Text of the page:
As a council, the area maintains six Nature Reserves: Burton Mill Wood, Rivacre Valley, Stanney Wood and Whitby Park are all located in Ellesmere Port and Helsby Quarry and Marshall's Arm are both in Vale Royal.
The majority of the population of the area is British Born, standing at 95.1%, and in terms of religion in 70.1% of the population is Christian, whereas 22% claim to follow no religion.
Chester is the most notable location within the area, containing 120,662 of the area's population. It is a walled city and has been preserved exceptionally well; one of the most successfully maintained in the country. Substantial development was carried out during the industrial revolution, with the introduction of railways, canals and new roads. The town is also renown for what is called the 'Chester Rows'. They are effectively walkways latched onto the first floor of street buildings, allowing two storeys of Shops on regular street buildings. This, combined with the remarkable black and white architecture has allowed it to be a notable tourist destination. Much of this black and white architecture accommodates various pubs, bars and nightclubs.
Chester stands as the hub of the railway network in the Borough, with four million trips recorded every year, and hosts railway line ssuch as the North Wales Coast Line and the Chester Manchester Line.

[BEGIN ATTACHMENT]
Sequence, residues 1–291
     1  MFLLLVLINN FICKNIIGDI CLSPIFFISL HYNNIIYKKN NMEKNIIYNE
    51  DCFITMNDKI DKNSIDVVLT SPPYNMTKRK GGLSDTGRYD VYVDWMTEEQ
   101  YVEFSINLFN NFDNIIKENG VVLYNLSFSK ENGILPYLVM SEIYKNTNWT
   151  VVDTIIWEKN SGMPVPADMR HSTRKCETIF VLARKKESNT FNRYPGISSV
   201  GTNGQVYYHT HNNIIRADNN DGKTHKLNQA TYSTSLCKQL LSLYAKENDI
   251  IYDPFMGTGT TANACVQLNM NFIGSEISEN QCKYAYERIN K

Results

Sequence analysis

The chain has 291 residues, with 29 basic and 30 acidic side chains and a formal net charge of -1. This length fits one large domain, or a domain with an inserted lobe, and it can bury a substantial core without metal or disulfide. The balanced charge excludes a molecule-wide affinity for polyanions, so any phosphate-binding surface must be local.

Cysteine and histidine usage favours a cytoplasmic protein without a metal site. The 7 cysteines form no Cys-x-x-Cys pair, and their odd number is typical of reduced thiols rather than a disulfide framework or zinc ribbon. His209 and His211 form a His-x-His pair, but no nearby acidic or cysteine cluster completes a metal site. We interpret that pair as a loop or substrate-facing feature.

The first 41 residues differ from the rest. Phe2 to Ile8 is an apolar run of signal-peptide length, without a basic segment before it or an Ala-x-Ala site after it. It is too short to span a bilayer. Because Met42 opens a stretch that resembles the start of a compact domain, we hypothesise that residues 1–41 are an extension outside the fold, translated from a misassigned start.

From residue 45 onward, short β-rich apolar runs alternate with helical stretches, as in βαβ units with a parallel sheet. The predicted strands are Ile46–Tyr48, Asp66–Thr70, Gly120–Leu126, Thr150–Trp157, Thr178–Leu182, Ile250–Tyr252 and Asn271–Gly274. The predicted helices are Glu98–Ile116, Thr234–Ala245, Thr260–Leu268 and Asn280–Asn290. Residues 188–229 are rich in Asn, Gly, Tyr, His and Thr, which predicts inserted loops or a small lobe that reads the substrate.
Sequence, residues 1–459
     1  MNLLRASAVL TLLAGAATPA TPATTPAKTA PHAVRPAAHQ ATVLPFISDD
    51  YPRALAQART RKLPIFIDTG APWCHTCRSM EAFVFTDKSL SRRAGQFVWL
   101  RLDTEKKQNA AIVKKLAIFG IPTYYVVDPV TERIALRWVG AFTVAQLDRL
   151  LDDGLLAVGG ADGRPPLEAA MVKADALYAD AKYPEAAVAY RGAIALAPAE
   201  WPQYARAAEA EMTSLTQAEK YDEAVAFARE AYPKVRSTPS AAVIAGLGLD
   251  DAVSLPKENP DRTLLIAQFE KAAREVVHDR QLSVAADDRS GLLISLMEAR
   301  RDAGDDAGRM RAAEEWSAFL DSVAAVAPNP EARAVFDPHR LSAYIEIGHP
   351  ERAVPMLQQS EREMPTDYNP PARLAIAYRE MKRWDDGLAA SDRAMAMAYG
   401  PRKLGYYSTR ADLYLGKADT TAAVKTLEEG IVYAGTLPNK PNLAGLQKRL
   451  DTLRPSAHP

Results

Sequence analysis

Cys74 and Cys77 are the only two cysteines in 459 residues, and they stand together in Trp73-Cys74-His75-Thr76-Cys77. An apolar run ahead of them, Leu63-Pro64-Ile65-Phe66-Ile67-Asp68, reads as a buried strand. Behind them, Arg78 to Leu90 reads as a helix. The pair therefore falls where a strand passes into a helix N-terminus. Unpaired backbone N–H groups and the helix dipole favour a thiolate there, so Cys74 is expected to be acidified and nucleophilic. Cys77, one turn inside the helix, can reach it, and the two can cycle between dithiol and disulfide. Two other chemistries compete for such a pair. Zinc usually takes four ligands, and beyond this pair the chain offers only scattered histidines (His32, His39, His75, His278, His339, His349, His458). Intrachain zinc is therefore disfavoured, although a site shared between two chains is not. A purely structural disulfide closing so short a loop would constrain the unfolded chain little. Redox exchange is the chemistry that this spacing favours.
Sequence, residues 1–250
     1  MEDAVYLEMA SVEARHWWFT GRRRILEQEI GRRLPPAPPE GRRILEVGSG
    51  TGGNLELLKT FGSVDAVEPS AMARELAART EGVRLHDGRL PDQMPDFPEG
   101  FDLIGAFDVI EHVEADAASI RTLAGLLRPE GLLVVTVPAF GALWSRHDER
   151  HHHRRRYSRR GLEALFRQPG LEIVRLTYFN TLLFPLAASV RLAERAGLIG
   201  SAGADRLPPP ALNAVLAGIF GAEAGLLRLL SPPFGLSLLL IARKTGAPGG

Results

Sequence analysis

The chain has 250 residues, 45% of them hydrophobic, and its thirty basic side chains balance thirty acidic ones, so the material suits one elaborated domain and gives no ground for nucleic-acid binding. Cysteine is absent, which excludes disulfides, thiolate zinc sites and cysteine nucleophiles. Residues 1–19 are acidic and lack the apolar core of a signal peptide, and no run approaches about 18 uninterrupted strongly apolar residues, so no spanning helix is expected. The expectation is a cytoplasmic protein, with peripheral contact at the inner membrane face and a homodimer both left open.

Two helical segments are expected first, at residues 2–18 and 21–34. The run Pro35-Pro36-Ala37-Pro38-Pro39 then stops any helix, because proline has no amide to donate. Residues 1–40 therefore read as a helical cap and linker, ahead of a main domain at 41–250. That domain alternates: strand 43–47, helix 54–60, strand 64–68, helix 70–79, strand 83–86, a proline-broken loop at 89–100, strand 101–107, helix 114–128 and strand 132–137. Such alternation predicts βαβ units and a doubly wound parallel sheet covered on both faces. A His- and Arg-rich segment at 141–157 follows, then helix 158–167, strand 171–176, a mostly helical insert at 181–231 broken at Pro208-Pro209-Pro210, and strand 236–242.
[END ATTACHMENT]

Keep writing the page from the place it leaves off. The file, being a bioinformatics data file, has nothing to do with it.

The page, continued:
Warrington is a large town in Cheshire, on the banks of the River Mersey, with a population of 206,428 as of mid 2014. It lies just 18.5 miles east of Liverpool, and 16 miles west of Manchester.
Due to its proximity to these large settlements, the town substantially thrived during the industrial revolution, becoming common manufacturers of steel, textiles, brewing and tanning. Due to this, the River Mersey's navigational routes were improved, canals were built and generally the town became a lot more popular and prosperous.
Nowadays, the economy revolves around a number of factors; IKEA opened one of their first British stores in the UK in Warrington in 1987, bringing more than 200 jobs to the area. There is also a large Unilever factory near the town which provides even more employment to the area. Despite being in the vicinity of the Larger settlements of the North West, Warrington still has one of the larger shopping centres in the area. Bridge Street is the most obvious shopping street in the town, however the Golden Square Shopping Centre, which opened in 1974, also provides decent shopping opportunities.
In terms of education, the town has two main railway stations, one being Bank Quay, which runs between London Euston and Glasgow Central on the West Coast Main Line, and Warrington Central which is on the Liverpool to Manchester Line. The town is also close to the M62, M6 and M56 motorways and lies halfway between the Liverpool and Manchester Airports.
There are many tourist attractions in the town as well. There is a concert hall, known as the Parr Hall, an arts centre called the Pyramid, and the Warrington Museum & Art Gallery. Tourists may also come to watch or play the towns most premier sport- Rugby League. Warrington Wolves play in Super League at their home ground, the Halliwell Jones Stadium, which has a capacity of 15,500.